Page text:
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"A Mother beats up her daughter because she was drunk"

So, who was drunk?

  1. Mother, or
  2. Daughter?

Please tell me how to interpret the sentence. Also, If the mother was drunk how would I write a sentence implying daughter was drunk or vice versa?

closed as off-topic by user3169, Varun Nair, Michael Rybkin, Cardinal, Peter Feb 7 '18 at 20:52

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  • The sentence is ambiguous and you cannot tell who was drunk from the way it is written. English personal pronouns don't change to reflect things like that. – stangdon Jan 31 '18 at 19:39
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    I'm voting to close this question as off-topic because it cannot be answered using the context given. More context is required. – user3169 Jan 31 '18 at 19:45
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    I think that "It's ambiguous" is an answer rather than a close reason. – snailcar Feb 2 '18 at 5:23
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This is an example of what we call an ambiguous antecedent. It means a case where it's impossible to tell what or who a pronoun refers to.

It's very easy to accidentally produce this kind of construction in English, and it's something that even native speakers need to be taught to avoid when learning composition in school.

Often the antecedent (what the pronoun refers to) can be determined from context, but grammar itself doesn't give any clues.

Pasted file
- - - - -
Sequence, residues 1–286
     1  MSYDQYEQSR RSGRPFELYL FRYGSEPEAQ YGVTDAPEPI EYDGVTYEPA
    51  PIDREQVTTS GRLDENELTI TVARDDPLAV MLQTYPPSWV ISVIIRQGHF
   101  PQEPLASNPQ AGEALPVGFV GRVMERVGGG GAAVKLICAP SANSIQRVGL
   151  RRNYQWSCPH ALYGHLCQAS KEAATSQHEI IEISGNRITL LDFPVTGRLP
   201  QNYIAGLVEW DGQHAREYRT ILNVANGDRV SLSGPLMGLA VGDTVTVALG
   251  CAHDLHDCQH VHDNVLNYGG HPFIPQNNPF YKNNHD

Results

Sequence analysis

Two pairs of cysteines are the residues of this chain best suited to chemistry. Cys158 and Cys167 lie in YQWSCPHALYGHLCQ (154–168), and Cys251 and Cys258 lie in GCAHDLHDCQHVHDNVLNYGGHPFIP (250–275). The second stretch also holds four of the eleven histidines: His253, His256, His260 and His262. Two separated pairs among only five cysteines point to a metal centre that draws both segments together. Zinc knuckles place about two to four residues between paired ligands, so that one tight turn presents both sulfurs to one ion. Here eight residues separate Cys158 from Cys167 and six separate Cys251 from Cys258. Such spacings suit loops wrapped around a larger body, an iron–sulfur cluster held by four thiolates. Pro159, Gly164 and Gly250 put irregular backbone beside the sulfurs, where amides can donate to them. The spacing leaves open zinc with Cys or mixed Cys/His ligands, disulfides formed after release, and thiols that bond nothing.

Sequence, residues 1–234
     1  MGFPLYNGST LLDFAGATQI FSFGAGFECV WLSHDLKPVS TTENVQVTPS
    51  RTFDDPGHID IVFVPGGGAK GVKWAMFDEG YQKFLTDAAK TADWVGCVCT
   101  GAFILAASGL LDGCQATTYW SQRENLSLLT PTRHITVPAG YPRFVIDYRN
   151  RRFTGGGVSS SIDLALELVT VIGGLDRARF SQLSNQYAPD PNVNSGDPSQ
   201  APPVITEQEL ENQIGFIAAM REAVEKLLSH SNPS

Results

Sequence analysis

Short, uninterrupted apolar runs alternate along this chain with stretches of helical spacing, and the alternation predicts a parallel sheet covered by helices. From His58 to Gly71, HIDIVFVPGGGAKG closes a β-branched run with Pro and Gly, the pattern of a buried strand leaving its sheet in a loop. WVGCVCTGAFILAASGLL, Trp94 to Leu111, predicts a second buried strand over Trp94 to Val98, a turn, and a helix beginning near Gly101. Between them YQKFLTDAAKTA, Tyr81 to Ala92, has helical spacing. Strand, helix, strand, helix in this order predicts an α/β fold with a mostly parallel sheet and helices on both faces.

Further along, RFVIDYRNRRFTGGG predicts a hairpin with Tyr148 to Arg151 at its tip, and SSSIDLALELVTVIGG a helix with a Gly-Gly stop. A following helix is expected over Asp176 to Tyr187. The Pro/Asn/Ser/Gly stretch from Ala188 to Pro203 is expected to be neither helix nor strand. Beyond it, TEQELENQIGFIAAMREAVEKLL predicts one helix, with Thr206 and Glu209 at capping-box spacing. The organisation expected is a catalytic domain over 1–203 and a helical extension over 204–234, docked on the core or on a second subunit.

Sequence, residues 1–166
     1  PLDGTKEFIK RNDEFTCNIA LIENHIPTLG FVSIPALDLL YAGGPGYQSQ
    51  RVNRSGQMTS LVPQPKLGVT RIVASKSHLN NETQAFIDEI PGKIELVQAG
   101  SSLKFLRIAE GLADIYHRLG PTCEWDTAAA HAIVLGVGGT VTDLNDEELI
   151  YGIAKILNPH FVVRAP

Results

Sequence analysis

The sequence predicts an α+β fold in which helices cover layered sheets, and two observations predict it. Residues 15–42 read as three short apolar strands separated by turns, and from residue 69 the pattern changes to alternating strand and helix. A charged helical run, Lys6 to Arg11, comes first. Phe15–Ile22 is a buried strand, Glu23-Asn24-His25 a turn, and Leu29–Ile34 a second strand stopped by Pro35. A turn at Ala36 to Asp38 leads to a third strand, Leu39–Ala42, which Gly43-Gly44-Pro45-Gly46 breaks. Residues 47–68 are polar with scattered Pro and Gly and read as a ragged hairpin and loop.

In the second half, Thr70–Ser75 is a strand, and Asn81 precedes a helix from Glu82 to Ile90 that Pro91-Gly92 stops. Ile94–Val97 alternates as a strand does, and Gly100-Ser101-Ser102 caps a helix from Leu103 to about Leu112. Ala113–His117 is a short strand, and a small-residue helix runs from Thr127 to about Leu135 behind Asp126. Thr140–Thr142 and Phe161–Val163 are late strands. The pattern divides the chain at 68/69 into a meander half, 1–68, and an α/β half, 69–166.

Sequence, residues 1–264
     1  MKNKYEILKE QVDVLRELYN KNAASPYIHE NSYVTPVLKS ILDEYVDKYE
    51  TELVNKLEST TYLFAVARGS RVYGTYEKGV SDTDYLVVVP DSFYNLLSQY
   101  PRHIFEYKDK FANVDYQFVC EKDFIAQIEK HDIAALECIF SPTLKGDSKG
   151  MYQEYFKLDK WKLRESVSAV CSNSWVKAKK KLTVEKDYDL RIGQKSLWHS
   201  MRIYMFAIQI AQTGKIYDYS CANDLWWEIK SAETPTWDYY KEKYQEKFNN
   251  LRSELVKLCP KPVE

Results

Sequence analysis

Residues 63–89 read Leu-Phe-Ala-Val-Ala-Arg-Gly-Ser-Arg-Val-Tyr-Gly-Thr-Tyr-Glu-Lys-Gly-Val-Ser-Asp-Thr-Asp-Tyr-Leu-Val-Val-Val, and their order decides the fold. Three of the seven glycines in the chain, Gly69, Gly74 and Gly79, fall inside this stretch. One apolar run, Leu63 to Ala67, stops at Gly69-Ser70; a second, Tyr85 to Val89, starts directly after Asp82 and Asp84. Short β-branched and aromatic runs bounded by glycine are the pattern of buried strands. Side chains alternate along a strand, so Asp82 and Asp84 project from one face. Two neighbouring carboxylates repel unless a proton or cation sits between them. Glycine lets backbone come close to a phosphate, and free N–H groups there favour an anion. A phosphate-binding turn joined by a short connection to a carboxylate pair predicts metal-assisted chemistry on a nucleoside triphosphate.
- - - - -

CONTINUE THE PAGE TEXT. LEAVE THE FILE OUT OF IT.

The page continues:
For example:

Q: Why is Bob in the hospital?

A: Bob and Dave got into a fight, and he beat him up pretty badly.

The answer (which would be perfectly common from native speakers) has two ambiguous atecedents, and only the context (knowning Bob is the one who's in the hospital) tells us who beat up whom.

  • Just to underscore how easily ambiguity can occur, I'd contend that it's still not 100% clear about what happened between Bob and Dave. (Conceivably, Bob could have won the fight, but still required medical treatment.) +1 for a great answer. – J.R. Feb 2 '18 at 18:43
  • @J.R., You're right that the whole event hasn't been fully described, but even if Bob won the fight, Dave must have beat Bob up as well, or Bob wouldn't be in the hospital. – The Photon Feb 2 '18 at 19:36
  • Except.... I know of people who have broken hands or fingers by punching things – including other people. That's kind of what I was driving at. One can win a lopsided fight and still need a visit to the clinic. – J.R. Feb 2 '18 at 21:45
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It sounds as if the daughter is drunk and that’s why the beating occurs. Otherwise if someone says: “A (or The) drunk mother beats up her daughter.” makes it more clear. Also, “A (The) mother beats up her drunk daughter”. You see? No “because” explanations, or second clauses are needed. The word drunk accompanying the subject makes an implication as to why the action occur. “A drunk mother beats...” vs the “ drunk dughter” gets beaten.

  • But either "The drunk mother beats up her daughter" or "The mother beats up her drunk daughter" changes the meaning of the sentence too, because it doesn't explain why the beating occurred, unlike the original sentence. – stangdon Jan 31 '18 at 19:40